Supply chains have always been the lifeblood of organizations, bringing in new materials and ensuring that finished products are delivered to customers on time. The nature of supply chains has evolved over time, becoming an extremely complex series of moving parts that need to operate together effectively. How did we come to this point and what lies in store for the future of business processes? Let’s take a look at supply chain history and how businesses can prepare for where it’s headed.
Humble beginnings become building blocks
In 1911, Frederick Taylor wrote “The Principles of Scientific Management”, focusing on how to improve manual loading processes. The complex requirements of World War II served as an example of how analytics could solve military logistics problems. While industrial engineering and operations research were once thought of as separate fields, it was clear that organizations reaped the biggest successes when they were used in an integrated framework. By the 1940s and 50s, logistics research shifted to using mechanization to improve labor intensive processes and taking full advantage of available space.
These humble beginnings serve as the foundation for our supply chains today. Pallets and lifts are still widely used in manufacturing shops across the country. The Globalist noted that this generation of research and technological changes introduced the Ford production system and permanently altered the structure of global supply networks. Organizations started to adopt and expect quick manufacturing turnarounds as well as better inventory management to serve their needs.
Tech revolution advances supply chain capabilities
The introduction of more developed technology changed everything for manufacturers. In the 1960s, time-dependent transportation started relying on trucks rather than rails. Around the same time, data computerization become more mainstream, opening an opportunity for logistics planners to optimize inventory and truck routing. Originally, all of these processes were done manually, making it difficult to keep up with transactions and project progress. Digitization was a critical move forward to more modern supply chain operations.
As time went on, the role of logistics in serving customers took a bigger role in businesses. However, the end of cheap oil in 2010 served as another major shift for supply chain network structures and how organizations met customer expectations, Supply Chain Quarterly reported. There was rising emphasis on reverse logistics, product stewardship, energy conservation and sustainability. Positioning these demands as a priority can make organizations more appealing to consumers and partners alike, but these changes can take considerable resources to implement.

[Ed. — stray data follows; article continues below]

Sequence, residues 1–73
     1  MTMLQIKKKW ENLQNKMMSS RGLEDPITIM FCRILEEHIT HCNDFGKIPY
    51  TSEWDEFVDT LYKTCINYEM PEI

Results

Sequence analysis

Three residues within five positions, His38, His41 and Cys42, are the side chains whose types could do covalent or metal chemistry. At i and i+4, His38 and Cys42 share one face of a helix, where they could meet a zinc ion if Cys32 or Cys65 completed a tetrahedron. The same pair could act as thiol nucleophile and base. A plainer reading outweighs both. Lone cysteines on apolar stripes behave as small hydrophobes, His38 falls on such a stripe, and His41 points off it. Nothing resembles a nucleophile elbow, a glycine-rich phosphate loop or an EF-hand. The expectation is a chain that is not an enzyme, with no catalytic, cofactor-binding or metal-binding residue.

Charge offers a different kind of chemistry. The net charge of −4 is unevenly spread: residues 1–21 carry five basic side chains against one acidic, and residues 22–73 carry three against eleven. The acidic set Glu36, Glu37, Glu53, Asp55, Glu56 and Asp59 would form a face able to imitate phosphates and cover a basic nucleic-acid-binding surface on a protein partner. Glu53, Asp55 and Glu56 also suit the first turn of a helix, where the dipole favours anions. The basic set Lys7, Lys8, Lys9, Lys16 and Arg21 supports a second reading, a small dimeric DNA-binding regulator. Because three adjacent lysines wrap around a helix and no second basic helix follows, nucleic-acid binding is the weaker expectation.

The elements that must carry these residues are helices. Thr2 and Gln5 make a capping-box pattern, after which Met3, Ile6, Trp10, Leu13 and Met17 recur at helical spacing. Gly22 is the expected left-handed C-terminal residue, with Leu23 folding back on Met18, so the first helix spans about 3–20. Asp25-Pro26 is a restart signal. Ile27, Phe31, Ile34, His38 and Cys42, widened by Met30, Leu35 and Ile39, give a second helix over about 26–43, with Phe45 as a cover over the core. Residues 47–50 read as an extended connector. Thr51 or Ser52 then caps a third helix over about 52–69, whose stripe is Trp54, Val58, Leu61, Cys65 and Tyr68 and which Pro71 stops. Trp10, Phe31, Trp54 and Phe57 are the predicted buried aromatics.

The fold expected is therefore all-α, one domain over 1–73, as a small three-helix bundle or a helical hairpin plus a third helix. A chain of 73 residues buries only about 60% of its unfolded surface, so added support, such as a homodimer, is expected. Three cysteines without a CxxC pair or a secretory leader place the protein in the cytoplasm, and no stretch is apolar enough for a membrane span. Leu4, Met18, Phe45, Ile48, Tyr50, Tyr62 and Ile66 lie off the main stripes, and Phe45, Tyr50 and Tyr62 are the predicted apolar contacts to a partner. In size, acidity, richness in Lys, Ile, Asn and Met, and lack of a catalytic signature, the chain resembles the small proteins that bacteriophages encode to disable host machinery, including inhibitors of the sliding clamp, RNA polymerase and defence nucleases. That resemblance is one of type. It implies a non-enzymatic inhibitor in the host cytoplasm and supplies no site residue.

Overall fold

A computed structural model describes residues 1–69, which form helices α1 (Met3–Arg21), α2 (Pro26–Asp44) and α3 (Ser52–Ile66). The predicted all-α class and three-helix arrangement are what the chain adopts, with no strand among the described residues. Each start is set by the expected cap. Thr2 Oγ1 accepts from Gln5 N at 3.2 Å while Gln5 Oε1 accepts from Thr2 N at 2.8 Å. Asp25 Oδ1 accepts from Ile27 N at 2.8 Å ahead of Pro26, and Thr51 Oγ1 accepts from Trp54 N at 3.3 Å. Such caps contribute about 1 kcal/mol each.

What’s ahead for supply chains?
Businesses are reliant on each other to operate effectively and stay afloat. A manufacturing shop must order materials from suppliers to create products and then use a delivery service or its own drivers to send out the finished item. If anything goes wrong at any point between these assets, it could halt progress on projects and impact customer satisfaction. In many cases, organizations wouldn’t know about late or incorrect deliveries until the last minute, and it would be difficult to make up for these deficits. However, with the right information on hand, leaders can make quick decisions and accommodate any unexpected situations.
Supply chain management software has advanced to provide more visibility into the behaviors and practices of suppliers as well as progress across the shop floor. Quality Digest contributor Andrew Savini noted that this data will provide critical insights on risk, social accountability, security, environmental sustainability and market forces to improve efficiency of scale. In the past, inspections, audits and product testing yielded contextual information that was difficult to extrapolate data from. However, by quantifying the information, it can provide more granular and accessible reports to act on. Going forward, visibility, quick decision-making, data accessibility, automation and actionable insights will be primary goals for supply chain operations.
The supply chain has changed significantly over the years, becoming more complex with every link and asset in the chain. By understanding the history of the supply chain and where it’s headed, businesses can prepare their systems appropriately and create plans to optimize their processes. For more information about how to improve your supply chain and how it will evolve in the future, contact Inspirage today.